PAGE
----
How To Avoid Buying A Treadmill This Christmas

Okay, an admission: I started writing this article November 14, 2008. And I just can't do it. I spent 3 years selling treadmills (and I was pretty good at it, I guess) but I no longer believe they're a solution. In fact, it's easy for them to become part of the problem.

The first few paragraphs below are from the original draft. They're true. But after that, it's all new. The text is shot from the hip, but the sentiment is straight from the heart.

Christmas is coming. Most people enter the Holiday season feeling less than great about themselves; lots of food, dumpy weather, and the shorter days have many depressed about how they look and feel. They KNOW they have to lose weight, or at least start eating better. I'd prefer they exercise.

If they choose the exercise option (hooray!) most people give themselves 3 choices:

1. Join a gym

2. Start walking, or plan to do something

3. Buy a treadmill

Now, we know that for exercise to be effective, you have to stick to it. And we know that, for you to stick to an exercise program (assuming you don't have some abnormal disorder,) the program has to be novel, challenging, fun, community-based, and allow for nonlinear progression (you can't just focus on the scale or some other subjective measurement.) To really work, the plan has to carry some sort of personal risk – financial is okay, but fear of letting oneself down is more important. This is why we do monthly challenges….but I digress.

Joining a gym is the best option, especially if the gym you're joining actually CARES about your progress, but I concede that it can be intimidating for people. Frankly, the absolute best option is to visit a good Trainer, and let them lay out the options for you.

(To visit and chat with the best, without spending any money or committing to anything, click here.)

Which of the three provides novelty? Which provides challenge? Which is fun? Which has a built-in community? Which provides nonlinear progression (more on that in a minute)? Which carries any risk?

Most treadmills end up as yard sale fodder. There, I said it. By March, they look like this:


…drying clothes!

Novelty: while most treadmills now feature "programs" as a price point, the novelty of blinking lights and auto-adjusting elevation wears off in about…………now. Doing a walking program called "Pike's Peak" in your living room isn't like really going to Pike's Peak in Utah. It's like, well, standing around in your living room, a space built for relaxing, not exercising. Bedroom? Worse.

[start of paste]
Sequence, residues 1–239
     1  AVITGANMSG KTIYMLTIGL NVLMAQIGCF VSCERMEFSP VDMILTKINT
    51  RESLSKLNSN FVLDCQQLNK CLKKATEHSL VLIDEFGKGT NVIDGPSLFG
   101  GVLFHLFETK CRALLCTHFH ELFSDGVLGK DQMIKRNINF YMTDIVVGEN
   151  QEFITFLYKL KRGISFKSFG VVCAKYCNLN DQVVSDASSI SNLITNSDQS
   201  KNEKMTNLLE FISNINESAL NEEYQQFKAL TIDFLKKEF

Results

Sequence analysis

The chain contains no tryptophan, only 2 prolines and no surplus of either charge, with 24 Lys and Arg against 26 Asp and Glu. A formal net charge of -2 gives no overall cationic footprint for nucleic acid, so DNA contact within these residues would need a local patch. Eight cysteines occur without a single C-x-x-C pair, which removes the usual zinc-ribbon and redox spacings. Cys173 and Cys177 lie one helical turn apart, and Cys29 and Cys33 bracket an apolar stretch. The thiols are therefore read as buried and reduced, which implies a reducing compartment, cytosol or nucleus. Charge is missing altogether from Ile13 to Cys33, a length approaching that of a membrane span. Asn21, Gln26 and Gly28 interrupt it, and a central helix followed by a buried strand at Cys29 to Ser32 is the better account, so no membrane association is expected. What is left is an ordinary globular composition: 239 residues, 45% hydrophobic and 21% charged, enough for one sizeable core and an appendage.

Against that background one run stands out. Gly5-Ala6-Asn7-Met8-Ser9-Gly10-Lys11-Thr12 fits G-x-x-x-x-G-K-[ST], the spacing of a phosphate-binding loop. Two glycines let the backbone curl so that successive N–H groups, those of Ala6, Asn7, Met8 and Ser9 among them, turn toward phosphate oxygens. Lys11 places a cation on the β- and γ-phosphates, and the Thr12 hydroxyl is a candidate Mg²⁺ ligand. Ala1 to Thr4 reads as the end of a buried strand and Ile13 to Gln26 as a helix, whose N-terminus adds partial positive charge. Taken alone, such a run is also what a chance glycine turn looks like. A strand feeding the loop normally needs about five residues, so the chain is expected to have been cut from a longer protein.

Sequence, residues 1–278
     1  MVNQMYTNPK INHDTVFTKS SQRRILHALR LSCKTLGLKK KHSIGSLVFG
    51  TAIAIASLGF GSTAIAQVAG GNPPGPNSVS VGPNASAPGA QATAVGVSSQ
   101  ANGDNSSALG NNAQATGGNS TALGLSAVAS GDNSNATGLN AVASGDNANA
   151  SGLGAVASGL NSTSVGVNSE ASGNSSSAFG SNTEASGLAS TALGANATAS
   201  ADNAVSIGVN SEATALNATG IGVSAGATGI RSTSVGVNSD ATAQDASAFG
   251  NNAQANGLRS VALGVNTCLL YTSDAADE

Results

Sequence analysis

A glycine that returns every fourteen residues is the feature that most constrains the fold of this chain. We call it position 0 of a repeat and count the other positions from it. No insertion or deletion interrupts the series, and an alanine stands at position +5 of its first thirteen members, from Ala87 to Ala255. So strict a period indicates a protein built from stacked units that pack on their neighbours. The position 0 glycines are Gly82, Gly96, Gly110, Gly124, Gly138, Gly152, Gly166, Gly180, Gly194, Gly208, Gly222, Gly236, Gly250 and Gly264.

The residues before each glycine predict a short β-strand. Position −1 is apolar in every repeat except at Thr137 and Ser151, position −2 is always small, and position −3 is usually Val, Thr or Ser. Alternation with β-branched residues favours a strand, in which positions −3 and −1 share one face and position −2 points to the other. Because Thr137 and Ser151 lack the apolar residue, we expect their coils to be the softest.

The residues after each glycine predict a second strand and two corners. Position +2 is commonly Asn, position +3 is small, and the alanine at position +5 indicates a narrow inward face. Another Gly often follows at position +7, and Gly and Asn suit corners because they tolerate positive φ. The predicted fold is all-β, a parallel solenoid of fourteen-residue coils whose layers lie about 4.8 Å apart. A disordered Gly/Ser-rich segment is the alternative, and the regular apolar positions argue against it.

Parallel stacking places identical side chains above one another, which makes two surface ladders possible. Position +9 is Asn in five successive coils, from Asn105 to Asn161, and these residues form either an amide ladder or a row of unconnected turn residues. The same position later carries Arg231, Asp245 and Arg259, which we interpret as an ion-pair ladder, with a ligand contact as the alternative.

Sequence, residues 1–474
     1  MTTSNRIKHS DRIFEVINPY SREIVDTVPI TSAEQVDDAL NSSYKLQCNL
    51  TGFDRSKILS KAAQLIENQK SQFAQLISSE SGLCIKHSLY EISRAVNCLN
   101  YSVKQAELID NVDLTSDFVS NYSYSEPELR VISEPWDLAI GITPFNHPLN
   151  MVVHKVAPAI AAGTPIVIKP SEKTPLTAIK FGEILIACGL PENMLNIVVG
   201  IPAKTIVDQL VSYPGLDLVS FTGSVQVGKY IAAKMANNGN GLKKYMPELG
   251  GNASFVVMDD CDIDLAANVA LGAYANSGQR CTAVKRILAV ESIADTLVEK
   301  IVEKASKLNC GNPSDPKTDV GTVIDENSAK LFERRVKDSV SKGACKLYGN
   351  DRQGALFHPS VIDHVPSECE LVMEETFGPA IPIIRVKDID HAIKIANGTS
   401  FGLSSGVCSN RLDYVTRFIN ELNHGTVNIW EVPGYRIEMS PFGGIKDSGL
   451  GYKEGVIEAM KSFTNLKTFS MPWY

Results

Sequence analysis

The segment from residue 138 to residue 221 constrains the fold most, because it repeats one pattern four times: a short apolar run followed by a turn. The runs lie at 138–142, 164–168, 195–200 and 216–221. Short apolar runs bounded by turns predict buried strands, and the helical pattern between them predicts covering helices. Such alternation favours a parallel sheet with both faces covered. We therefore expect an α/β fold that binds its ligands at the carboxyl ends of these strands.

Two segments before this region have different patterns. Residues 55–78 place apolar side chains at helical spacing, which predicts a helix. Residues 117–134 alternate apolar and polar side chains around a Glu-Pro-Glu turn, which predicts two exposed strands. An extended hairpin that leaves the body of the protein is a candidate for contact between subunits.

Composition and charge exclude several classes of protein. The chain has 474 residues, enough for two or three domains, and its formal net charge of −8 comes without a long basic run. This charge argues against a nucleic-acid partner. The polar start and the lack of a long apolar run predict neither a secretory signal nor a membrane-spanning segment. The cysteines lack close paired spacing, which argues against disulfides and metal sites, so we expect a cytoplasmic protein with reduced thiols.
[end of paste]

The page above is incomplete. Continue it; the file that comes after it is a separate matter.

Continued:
Challenge: it's walking. Walking is locomotion, not exercise. Yes, some people will run on a treadmill, but without an ultimate goal (5k, 10k, marathon) where you actually have a chance at failing, it's nearly impossible to make yourself walk on a treadmill for its own sake. And yes, some folks go to gyms just to walk on treadmills (not this gym) – but they're out of the house. They're really paying for the environment.

Fun: you can put in a DVD. You can link up to the internet. But as long as you have to distract yourself from exercise to keep exercising, you'll soon be distracted by other things instead. Above: the only fun you can have on a treadmill.

Community-based: treadmill walking is the fitness equivalent of writing a manifesto, alone, in your mother's basement, at midnight, in a stained t-shirt. It encourages brooding. You fixate. Your focal point narrows until little problems polish themselves into hard little pearls. You don't solve any problems on a treadmill. Got a problem with a coworker? Ask them to deadlift with you. You'll both feel better.

Nonlinear progression: you'll go farther if you can shift your focus for awhile. Stuck on a weight-loss plateau? Focus on gaining strength for a few weeks. Not getting any faster? Try improving technique on the rower. Strength not improving? Work on your sprints. A change is as good as a rest.

There are a hundred websites out there to tell you how to buy a treadmill. But consider: are you buying progress, or just forcing yourself to hold a yard sale in June?